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Call to farmers to speak up on climate change

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DATE: Tuesday, June 5, 2007

Farmers across north east Victoria are being urged to help shape Victoria’s future environmental policy by contributing to a Land and Biodiversity white paper.

Parliamentary Secretary for the Environment, Steve Herbert, said farmers held much needed land and biodiversity expertise and the Bracks Government was keen to hear their views.

“With CSIRO projecting temperature rises of up to five degrees by 2070, we all need to better understand how managing our biodiversity can help the productivity of our land in the face of climate change,” Mr Herbert said.

“Many land managers in the region are adapting their farming techniques to cope with the impacts of less rain and warmer temperatures, and we want to learn from their hands-on experience.”

Lindsey Humphry, a dairy farmer from Springhurst, is overhauling his farm practices together with a group of 10 other landholders, by using worms, aerating soil and using less chemicals and antibiotics.

“We’re now seeing fewer problems with cattle health and testing is showing that nutrient levels are up in the soil,” he said.

Lindy Lumsden, a senior scientist in wildlife ecology at Arthur Rylah Institute, said farmers in the region were also beginning to understand the importance of protecting tiny bats that live in old trees, which are vital in controlling pests.

At a property at Numurkah, Ms Lumsden recently trapped 50 bats from seven different species, which the landholder didn’t know were there.

“Many farmers think birds control pests but these tiny bats eat half to three quarters of their body weight a night and are free pesticide controllers,” she said.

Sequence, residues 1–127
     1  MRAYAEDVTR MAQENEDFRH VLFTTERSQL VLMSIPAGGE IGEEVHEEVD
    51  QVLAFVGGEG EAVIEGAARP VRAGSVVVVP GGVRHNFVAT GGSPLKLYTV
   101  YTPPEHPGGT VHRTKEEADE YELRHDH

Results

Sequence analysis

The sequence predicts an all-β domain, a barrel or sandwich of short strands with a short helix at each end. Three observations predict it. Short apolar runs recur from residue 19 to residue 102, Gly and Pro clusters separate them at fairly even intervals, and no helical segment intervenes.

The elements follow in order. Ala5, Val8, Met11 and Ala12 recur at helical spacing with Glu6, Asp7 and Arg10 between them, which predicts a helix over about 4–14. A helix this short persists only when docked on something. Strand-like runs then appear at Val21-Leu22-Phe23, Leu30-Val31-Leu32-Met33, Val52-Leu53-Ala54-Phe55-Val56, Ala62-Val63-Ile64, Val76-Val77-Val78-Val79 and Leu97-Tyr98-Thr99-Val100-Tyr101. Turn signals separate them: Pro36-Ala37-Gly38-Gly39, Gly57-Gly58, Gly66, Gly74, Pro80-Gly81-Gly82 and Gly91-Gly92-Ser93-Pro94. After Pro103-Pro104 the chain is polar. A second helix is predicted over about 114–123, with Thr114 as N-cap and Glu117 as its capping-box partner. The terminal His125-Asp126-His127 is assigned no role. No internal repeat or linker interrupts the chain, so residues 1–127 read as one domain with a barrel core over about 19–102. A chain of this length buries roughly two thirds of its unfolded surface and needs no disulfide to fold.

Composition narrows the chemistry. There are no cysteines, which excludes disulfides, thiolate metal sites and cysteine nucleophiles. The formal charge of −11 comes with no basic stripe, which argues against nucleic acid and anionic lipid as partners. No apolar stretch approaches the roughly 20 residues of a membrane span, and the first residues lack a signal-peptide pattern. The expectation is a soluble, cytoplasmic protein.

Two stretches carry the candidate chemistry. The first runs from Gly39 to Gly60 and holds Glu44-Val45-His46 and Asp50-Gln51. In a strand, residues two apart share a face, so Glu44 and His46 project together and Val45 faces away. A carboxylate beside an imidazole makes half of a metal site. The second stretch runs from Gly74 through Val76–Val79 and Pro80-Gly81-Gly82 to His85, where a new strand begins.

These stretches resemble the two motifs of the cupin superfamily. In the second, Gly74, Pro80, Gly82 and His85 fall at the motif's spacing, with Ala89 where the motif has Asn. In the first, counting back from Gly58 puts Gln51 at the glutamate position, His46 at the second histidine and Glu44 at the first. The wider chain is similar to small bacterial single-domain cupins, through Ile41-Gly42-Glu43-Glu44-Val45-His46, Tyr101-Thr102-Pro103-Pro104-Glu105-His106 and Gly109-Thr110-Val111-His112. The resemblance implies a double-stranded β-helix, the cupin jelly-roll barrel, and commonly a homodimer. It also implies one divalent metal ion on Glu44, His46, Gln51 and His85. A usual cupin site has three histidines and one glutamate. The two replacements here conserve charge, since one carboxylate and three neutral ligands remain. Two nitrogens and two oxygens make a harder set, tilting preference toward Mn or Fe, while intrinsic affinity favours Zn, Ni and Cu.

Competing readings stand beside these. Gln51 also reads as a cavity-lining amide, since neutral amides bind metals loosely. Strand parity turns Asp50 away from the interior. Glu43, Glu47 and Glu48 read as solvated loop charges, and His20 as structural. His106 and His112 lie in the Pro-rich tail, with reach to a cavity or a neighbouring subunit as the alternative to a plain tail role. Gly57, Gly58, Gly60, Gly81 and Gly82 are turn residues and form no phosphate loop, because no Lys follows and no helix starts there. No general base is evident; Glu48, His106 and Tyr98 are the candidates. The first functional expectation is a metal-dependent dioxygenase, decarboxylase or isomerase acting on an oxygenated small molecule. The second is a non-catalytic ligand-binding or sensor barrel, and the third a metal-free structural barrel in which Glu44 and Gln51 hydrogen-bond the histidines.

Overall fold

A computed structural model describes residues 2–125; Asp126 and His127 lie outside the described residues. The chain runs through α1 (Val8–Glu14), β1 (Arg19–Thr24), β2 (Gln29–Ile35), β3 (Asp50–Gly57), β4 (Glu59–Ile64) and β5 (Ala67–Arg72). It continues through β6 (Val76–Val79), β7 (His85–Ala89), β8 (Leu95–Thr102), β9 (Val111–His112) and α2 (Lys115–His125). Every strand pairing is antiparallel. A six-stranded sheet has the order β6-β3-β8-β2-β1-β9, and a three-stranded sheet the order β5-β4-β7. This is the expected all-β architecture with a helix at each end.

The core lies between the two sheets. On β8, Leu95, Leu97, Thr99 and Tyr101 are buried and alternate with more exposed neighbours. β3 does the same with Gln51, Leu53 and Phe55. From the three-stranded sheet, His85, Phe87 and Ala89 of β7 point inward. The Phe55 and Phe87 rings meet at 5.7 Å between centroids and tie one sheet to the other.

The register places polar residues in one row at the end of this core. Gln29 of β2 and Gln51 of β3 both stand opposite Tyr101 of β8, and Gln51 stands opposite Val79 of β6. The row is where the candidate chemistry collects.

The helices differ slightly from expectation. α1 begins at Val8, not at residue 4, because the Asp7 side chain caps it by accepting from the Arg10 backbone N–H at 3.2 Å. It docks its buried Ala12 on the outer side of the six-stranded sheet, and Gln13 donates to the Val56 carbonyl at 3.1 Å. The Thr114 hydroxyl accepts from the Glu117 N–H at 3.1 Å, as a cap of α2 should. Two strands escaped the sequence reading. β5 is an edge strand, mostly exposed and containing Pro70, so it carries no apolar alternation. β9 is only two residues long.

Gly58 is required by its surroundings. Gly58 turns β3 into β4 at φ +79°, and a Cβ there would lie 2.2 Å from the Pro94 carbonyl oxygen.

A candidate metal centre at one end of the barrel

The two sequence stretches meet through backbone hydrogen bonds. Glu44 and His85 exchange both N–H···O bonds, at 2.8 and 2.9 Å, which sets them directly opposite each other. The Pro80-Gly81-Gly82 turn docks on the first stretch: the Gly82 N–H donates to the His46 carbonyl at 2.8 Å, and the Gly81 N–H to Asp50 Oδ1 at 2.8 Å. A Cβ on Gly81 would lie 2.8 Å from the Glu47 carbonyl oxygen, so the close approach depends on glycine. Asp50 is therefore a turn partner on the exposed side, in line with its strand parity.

“But they are dependent on native vegetation for habitat, so it’s important to keep the trees in the paddock.”

Mr Herbert invited landholders and residents in the North-East to make a submission to the Land and Biodiversity White Paper as a practical way to mark World Environment Day today.

“The White Paper, Land and Biodiversity at a time of climate change, will set the agenda and help identify investment priorities for managing land, biodiversity and natural resources for the next 20 to 50 years.

Mr Herbert said Victorians had until Friday 22 June 2007 to make a submission for the first stage of the 18-month White Paper consultation process. People could also join online discussions through Landcare networks and have their views heard.

For more information about the Land and Biodiversity White Paper – including the consultation paper – visit or join an online discussion at


Written by Greg Naylor

7 June 2007 at 8:54 pm

Posted in media release

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